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Ismail Ajjawi’s Fundamental Free Speech & Association Rights Trampled by U.S. Customs and Border Protection

The case of Harvard freshman Ismail Ajjawi’s visa being revoked is deservedly receiving national attention. It is outrageous and unacceptable that this student would have to answer for the online activity of others, and potentially be denied entry because of such activity. However, this is the predictable and natural consequence of the President’s demand that immigrants face “extreme vetting” and the federal government’s decision to include social media screening as a part of this mandate.

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Clearing Up Misinformation about Section 230

Section 230 creates the breathing room not only for direct competitors to today’s dominant sites for user-generated content, but also for the development of completely alternative models for interactive online services. Policymakers who talk about amending Section 230 need to understand these fundamental principles first.

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Advocate General Opinion in Austrian Defamation Case Raises Troubling Prospects for Access to Information

Courts across Europe are grappling with difficult issues concerning content posted online. A recent opinion from the Advocate-General of the CJEU raises troubling prospects for free expression and access to information online. The AG opinion is not a final ruling, but the Court often follows the direction set by the AG. In this instance, the court should think twice.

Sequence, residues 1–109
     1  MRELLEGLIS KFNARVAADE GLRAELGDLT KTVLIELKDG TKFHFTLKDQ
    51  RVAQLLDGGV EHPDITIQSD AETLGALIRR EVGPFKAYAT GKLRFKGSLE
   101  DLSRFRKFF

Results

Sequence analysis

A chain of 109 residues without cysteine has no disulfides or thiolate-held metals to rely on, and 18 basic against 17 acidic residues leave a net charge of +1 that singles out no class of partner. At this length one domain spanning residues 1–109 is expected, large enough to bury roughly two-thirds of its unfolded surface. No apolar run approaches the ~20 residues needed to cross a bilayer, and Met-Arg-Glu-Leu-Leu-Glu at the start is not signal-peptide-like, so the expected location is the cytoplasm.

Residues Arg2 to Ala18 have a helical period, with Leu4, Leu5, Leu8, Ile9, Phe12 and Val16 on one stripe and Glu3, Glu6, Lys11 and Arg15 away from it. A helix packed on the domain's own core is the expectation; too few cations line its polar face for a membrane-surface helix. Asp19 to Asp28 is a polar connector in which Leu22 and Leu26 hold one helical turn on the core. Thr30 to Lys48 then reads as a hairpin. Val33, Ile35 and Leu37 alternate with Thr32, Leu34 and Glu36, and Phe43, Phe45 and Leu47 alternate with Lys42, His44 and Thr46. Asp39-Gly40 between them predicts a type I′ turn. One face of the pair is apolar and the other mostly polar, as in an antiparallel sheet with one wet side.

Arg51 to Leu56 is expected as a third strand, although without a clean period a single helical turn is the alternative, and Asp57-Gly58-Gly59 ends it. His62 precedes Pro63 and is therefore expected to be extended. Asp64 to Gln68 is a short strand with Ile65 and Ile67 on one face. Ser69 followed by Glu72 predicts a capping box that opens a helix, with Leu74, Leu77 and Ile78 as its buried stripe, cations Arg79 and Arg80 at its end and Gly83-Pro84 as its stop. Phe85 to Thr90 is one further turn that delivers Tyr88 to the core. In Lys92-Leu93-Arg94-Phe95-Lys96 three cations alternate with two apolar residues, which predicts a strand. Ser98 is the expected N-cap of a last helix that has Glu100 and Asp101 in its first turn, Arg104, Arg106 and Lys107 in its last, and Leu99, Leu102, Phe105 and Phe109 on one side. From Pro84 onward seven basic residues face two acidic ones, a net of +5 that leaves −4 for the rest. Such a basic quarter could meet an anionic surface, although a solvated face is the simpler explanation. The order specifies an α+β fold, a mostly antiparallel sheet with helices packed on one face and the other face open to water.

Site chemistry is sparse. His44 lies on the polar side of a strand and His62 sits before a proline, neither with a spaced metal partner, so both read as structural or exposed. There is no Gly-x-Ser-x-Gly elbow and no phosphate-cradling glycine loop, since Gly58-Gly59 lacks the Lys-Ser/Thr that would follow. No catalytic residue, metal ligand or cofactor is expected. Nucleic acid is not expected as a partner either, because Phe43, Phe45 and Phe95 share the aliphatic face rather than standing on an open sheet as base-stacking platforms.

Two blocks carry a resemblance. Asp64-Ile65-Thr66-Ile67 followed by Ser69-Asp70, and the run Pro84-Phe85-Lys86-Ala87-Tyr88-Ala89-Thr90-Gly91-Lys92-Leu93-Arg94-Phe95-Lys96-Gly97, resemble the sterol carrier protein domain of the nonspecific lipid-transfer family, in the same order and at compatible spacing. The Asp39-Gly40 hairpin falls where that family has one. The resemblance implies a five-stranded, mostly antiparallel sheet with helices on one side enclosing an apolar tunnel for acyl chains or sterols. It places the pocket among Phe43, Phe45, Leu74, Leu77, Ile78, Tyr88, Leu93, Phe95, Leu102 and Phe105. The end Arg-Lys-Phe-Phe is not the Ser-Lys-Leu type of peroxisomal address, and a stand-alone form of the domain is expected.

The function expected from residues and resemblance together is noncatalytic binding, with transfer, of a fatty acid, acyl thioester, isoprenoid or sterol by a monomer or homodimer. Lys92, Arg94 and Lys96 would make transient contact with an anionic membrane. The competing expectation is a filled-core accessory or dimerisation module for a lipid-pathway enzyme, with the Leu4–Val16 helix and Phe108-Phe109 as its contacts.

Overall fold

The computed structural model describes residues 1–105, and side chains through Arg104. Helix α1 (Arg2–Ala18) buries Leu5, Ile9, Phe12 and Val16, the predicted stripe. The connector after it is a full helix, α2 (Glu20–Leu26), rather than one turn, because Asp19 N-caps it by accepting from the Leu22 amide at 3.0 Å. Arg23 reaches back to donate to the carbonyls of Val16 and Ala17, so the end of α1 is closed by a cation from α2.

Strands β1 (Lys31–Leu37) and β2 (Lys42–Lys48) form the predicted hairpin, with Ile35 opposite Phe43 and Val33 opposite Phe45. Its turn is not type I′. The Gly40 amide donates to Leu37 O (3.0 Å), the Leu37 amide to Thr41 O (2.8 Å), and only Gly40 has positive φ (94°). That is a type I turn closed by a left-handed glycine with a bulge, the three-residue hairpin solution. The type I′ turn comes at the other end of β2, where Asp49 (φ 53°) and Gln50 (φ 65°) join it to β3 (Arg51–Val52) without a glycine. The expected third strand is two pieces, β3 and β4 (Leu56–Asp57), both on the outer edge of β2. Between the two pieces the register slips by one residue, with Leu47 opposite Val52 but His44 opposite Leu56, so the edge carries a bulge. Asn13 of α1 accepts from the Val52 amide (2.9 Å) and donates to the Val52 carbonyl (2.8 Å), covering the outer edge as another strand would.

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The Thorny Problem of Content Moderation and Bias

There is widespread confusion about how online platforms work and plenty of discord around how we want them to work. What do we want content moderation to look like in the digital age, what are the current problems with moderation on large platforms, and how do we start to address them? We will probably never see all people agree about how to address “difficult” speech on platforms, but access to better information about how content moderation works would enable us to have more informed conversations about what the real problems are and how we want to address them.

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Georgia’s Governor Vetoes Harmful School Safety Bill

The vetoing of the SB 15 bill gives the legislature a chance to reconsider how using data and technology to implement overbroad surveillance measures in schools could undermine the goal of keeping all students safe. CDT has highlighted what is missing from the school safety conversation, so it is our hope that the legislators will take this chance to focus on proven school safety strategies that consider the interests of all students.

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